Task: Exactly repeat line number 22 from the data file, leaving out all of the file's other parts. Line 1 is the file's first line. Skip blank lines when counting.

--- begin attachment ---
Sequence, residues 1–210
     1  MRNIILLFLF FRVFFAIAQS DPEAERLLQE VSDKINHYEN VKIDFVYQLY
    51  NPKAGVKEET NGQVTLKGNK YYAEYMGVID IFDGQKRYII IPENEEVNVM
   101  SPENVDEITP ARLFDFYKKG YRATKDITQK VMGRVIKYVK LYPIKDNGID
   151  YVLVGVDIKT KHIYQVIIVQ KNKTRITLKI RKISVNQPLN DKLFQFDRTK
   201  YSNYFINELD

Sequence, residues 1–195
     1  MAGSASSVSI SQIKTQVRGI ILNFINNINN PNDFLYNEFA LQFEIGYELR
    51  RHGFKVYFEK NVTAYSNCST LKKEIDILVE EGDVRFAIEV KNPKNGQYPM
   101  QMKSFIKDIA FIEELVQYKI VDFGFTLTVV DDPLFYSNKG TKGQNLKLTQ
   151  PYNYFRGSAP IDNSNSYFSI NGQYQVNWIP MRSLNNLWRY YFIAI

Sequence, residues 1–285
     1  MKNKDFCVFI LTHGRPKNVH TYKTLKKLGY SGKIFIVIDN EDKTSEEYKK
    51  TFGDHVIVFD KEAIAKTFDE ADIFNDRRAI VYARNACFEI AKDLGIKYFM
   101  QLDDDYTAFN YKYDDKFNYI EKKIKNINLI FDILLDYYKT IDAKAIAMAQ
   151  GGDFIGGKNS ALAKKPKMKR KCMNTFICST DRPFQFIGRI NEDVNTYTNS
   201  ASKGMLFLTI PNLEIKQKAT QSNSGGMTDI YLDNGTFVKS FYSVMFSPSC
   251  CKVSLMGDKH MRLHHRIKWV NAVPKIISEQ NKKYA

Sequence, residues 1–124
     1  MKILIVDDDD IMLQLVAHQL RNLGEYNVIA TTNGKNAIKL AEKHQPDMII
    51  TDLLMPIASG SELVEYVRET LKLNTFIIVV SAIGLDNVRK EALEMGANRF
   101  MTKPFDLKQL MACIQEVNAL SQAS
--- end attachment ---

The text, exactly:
   101  MTKPFDLKQL MACIQEVNAL SQAS